tv Special Report With Bret Baier FOX News September 28, 2011 1:00am-2:00am PDT
defeat. we'll soon know where the candidates are financially and brit hume's analysis and talk live in studio with afl-cio president, richard trumka. this is special report. i'm bret baier. the president is about to leave denver, at a high school to push the stimulus plan. he departed the city on a high of his own, riding a wave of optimism and popularity. things are much different now. chief white house correspondent ed henry reports from denver. >> reporter: after a long night of hollywood fund raising, with stars like jamie foxx and eva longoria, the white house was careful to make sure the final image of president obama's three-day western swing was grit not glamour and glitz. in a predominant hispanic high school, and the pivotal battle
ground. it will create jobs for construction workers in denver, and across colorado and across the country. there are schools throughout colorado in need of renovation. >> the president is facing resistance from top business leaders, like kent, the ceo of coca-cola who told the financial times, in many respects it's easier doing business in china, citing the the antiquated u.s. structure. and gridlock, that republicans bear responsible for as well. in new hampshire, long time advisor david axlerod told it will be a titanic struggle to get mr. obama reelected and perhaps no state reflects that struggle the rosiness of 2008 than reality of 2012, than colorado site of the triumphant, nominating convention. >> this moment in this election is our chance to keep in the 21st century the american promise alive. >> that helped propel mr. obama to a surprisingly large 9 point victory here
over senator john mccain and now his approval rating here is dropping in a democratic leaning poll. at 51% in february, but dipped to 46% in august. with 50% disapproving of his job performance. colorado is significant in another way. that may show why the president is struggling to sell his latest economic plan. >> it's been two weeks since i said it to congress, now, i want it back. >> it was also here in denver, the president signed his 800 billion dollar stimulus plan into law. in february, 2009. with unemployment in the state was 7.4%, and it's actually gotten worse sips the stimulus, with unemployment now at 8.5% here. now, it's important to note, that's still lower than the national unemployment rate, but the president knows he has work to do, in states like here in colorado that he won in 2008. in fact, we're now hearing chatter he he may have another bus tour later this month in states like virginia and north carolina, again, states he
carried last time. but turf he knows he's going to have to defend in the dog fight next year, bret. >> ed henry travelling with the president in colorado. thank you. we'll soon found out what kind of financial war chests are built by the republican presidential contenders. chief political correspondent carl cameron reports it will be the first indication of texas governor rick perry's appeal to the people with the big checkbooks. >> behind the scenes, rick perry and hundreds of g.o.p. money men fund raising since he joined the race a month and a half ago and mitt romney added his wife and so the roster, money is a key measure of momentum. for perry, friday's deadline is a test of g.o.p. donor, amplified by his rivals, romney's latest attack of perry in-state tuition for illegals in texas and voters who disagree. >> they've been brought there by no-fault of their own. i don't think you have a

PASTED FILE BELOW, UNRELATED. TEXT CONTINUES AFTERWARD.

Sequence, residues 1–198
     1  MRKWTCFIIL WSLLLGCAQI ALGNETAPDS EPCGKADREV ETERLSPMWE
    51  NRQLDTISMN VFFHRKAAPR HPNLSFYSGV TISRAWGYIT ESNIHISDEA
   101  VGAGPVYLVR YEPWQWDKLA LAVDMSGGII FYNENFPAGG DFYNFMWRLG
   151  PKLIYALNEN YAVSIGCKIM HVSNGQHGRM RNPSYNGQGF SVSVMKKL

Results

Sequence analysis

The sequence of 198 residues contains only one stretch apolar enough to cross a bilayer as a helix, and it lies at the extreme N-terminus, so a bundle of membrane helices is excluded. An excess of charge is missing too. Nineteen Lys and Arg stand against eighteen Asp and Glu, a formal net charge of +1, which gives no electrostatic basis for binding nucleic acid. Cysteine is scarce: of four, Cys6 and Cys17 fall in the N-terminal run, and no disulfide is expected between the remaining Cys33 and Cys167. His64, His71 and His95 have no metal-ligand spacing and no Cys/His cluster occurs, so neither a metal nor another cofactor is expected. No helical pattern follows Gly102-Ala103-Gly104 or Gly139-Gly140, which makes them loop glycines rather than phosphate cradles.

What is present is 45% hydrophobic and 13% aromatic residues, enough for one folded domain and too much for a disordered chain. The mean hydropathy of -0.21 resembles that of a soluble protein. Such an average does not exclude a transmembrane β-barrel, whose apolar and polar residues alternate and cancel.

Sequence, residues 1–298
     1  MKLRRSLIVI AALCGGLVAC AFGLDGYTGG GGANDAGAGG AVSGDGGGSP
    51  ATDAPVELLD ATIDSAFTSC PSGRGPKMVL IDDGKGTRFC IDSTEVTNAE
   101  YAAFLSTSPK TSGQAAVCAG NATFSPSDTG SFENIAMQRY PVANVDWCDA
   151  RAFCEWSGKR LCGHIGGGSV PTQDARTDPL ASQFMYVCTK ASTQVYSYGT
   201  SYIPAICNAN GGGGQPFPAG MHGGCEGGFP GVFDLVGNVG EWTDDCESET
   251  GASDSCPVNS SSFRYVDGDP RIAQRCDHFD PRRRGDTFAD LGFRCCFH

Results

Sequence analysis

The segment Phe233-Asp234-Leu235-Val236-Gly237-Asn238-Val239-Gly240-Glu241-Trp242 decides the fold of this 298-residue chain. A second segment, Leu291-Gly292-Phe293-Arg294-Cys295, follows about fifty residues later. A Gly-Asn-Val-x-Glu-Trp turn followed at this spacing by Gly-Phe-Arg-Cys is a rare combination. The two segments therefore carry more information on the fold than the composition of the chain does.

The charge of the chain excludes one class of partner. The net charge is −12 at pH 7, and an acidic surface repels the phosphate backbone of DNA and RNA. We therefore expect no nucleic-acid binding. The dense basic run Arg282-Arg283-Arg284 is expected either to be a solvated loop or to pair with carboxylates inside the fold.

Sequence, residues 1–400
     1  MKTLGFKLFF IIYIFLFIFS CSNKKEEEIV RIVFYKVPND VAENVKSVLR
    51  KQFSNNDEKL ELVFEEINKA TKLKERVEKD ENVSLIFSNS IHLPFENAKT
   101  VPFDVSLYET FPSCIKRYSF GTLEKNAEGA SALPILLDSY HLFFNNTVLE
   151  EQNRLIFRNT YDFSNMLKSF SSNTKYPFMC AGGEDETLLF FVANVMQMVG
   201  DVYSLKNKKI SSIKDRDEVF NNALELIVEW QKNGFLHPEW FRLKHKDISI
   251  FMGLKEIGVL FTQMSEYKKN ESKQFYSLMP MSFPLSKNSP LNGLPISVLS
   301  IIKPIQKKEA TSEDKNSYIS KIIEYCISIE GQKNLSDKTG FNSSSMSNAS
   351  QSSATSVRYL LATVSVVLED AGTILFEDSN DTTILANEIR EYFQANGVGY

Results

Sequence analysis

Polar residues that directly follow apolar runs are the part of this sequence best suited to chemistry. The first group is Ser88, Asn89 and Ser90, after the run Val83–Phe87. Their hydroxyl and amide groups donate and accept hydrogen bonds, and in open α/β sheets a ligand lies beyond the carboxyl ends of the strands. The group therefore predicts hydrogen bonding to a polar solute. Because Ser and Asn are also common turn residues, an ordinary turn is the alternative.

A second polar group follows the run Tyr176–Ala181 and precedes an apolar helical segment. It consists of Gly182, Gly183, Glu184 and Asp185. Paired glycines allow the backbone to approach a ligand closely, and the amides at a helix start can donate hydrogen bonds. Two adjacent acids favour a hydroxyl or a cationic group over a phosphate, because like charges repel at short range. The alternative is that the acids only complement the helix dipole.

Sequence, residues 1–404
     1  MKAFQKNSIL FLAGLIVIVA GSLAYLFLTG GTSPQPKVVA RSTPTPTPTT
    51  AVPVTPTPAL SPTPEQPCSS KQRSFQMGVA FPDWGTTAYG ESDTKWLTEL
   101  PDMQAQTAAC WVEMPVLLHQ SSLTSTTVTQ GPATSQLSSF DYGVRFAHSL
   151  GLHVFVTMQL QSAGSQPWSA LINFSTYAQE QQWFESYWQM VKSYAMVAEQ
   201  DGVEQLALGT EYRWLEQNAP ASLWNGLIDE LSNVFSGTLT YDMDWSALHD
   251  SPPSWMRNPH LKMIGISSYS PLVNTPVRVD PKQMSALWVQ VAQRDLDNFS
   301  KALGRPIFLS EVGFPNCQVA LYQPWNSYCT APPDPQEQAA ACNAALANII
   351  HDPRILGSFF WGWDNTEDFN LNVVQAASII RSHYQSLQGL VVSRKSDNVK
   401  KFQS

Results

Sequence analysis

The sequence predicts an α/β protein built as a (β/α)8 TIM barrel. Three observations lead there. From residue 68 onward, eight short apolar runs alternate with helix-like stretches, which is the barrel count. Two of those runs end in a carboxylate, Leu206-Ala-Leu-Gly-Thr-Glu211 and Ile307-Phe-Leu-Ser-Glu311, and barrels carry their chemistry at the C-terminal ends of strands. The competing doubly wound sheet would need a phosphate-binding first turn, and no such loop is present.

heart. >> perry has been a prolific fundraiser and texas governor and chairman of the republican governor's association, but joined the presidential race late when the quarter was half over, only been fund raising for seven weeks instead of three months. team perry is trying to lower expectations saying they will he' be happen with 10 million dollars. and the collecting anything over 15 million will be a triumph. perry asy tacking romney for denying his support are the are for the obama administration's race to the top when romney did so on tape. >> those are i think make some sense. >> that is not conservative. i'm sure exactly what he's saying. >> and he banked in the quarter and negative impact on fund raising and expected to raise at least 10 million dollars this time, but few will be surprised if he, too, breaks 15 million. some suggest perry's campaign mistakes may put cash in romney's coffers, but donors could keep their checkbooks closed. >> you can see this as another value and-- >> former governor huntsman
broke double digits in the polls for the first time recently, he is know the expected to break double digits in fund raising. and herman cain scored an upset florida straw poll which could strike a windfall. michele bachmann won a straw poll in iowa more than a month ago and plummeted in the polls and new jersey governor chris christie making speeches and raising money in california and across the country. and the looks like the g.o.p.'s attempts to get him to run come up short and the governor's own brother says that a garden state governor will not run and though insiders say he's still listening, he's not been persuaded by the encouragement. look for a definitive statement. >> thank you, let's talk about money and other factors in the 2012 dynamics, brit hume joins me tonight. >> hi, bret. it's always worth keeping an eye on how much money presidential campaigns are raising for the simple reason that few candidates drop out because they think they will lose. they drop out because they run